I think this approach to the question is missing a key point. The IPS is a specification of what a International Patient Summary would look like using the FHIR standard. The IPS is not a policy or procedure document for how the IPS data was acquired. Thus to ask this question is not really a question about IPS, but rather about policies and deployment decisions. The IPS specification did somewhat address the fact that the creator of the IPS might be human driven, or automated. The committee writing the IPS understood this scope focus. 

This question did bring up that there is a perspective on the IPS that is being seen as critical. That is that the author has a perspective on why they are creating the IPS. That is that the consumer has a specific need and that there are a diverse set of consumers all with very different needs, needs that can be in conflict.

Note that the Document Sharing exchanges can handle very well this new FHIR-Document. The design of XDS/XCA/MHDS are content preserving but content format agnostic.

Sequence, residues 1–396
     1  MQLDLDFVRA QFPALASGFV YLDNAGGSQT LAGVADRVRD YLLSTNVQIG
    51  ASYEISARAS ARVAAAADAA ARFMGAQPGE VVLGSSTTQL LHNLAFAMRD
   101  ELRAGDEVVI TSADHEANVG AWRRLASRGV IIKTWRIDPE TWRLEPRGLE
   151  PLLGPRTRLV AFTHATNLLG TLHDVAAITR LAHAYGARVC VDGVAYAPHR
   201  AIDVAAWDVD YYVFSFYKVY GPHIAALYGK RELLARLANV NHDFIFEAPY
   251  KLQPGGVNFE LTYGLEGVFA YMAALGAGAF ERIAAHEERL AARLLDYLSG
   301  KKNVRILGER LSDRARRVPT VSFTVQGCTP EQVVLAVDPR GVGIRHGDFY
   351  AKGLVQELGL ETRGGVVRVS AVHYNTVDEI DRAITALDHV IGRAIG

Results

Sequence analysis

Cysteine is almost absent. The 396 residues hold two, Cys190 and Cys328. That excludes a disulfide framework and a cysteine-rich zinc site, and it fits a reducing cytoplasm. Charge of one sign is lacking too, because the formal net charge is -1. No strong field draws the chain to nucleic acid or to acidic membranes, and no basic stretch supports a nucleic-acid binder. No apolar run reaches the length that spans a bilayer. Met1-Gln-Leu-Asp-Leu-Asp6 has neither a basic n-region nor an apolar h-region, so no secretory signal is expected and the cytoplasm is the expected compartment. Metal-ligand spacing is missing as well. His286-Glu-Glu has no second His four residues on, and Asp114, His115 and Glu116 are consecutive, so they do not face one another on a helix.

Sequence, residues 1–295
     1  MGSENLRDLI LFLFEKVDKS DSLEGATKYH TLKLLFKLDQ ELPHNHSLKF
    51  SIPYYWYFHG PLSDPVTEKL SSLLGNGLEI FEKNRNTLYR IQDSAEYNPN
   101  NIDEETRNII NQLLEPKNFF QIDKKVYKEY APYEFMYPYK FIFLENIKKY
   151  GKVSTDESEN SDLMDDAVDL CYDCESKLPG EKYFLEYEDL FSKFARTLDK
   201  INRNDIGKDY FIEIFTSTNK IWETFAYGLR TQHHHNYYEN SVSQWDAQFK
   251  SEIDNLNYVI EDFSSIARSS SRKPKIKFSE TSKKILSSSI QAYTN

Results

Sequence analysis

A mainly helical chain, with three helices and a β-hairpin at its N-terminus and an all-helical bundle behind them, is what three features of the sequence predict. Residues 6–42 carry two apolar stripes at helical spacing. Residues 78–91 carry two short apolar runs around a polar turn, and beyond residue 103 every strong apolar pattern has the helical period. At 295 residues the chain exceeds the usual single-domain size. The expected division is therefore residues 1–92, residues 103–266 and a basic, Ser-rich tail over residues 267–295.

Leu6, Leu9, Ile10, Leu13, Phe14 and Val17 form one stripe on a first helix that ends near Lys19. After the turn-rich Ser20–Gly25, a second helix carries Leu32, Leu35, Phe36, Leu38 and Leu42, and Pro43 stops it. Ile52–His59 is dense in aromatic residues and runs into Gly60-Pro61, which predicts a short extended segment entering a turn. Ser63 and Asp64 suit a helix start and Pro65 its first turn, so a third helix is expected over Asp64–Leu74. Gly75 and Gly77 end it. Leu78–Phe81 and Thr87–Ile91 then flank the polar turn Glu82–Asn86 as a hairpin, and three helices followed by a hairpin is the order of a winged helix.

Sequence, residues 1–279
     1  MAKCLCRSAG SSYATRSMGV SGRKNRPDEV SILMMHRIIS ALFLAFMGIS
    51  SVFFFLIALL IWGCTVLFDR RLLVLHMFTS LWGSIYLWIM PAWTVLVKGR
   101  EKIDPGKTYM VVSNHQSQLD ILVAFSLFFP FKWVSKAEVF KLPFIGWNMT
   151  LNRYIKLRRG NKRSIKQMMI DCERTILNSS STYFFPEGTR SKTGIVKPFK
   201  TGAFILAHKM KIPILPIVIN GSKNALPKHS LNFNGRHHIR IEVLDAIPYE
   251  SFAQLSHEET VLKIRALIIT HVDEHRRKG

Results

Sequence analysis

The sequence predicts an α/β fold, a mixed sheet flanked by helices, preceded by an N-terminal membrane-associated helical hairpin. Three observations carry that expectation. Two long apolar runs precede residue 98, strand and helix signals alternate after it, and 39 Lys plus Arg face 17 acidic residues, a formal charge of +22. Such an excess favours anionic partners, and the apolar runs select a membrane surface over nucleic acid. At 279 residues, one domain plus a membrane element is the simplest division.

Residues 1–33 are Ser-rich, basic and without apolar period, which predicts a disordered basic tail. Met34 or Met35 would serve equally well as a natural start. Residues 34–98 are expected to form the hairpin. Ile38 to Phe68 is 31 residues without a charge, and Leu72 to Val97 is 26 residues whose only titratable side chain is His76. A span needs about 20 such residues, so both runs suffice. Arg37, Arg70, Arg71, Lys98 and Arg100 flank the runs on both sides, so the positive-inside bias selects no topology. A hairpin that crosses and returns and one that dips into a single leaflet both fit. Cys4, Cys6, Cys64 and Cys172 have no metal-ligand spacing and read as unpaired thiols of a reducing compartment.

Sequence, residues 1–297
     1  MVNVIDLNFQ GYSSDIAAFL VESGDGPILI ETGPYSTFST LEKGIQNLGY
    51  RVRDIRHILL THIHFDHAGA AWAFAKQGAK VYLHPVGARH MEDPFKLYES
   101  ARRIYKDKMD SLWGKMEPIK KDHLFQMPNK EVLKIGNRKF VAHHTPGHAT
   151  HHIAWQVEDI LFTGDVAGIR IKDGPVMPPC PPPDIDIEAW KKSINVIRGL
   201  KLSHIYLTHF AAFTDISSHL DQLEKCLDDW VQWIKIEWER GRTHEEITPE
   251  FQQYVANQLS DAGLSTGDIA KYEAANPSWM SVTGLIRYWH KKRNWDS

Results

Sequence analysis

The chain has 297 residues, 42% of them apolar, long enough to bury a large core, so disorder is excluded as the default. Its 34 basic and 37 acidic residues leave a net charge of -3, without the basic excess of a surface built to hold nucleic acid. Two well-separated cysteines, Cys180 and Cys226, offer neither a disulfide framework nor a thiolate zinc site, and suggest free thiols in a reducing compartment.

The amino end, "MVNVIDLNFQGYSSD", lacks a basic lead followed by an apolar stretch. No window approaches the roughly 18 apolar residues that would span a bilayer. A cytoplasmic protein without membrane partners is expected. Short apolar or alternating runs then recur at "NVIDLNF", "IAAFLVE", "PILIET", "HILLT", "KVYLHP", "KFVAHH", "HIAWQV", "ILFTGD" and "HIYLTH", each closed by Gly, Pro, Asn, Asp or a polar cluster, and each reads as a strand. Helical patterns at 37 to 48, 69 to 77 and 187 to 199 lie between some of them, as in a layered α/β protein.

I suspect that some IPS will be created much like a C-CDA is created today. As a report from a healthcare organization representing what that organization knows about the patient. It might be created by a Patient managed application based on the collection of the health information that the patient has collected. It might be created by a regional or vendor driven organization that covers a larger domain of scope. And it might be created by organizations that pull from these authors and further refine a broader focused IPS.

Critical to this maturity is a strong need to maintain basic Provenance on all data elements to enable de-duplication. We must agree to always include business identifiers that have ever been assigned to data elements. I call this basic provenance, in that the global unique identifier enables de-duplication.

Friday, March 3, 2023

#FHIR up the API Secure community

I have been invited to speak at the API Secure conference, a virtual event coming up in a few weeks. 

UPDATED: 3/14/2023 -- Here is my slide deck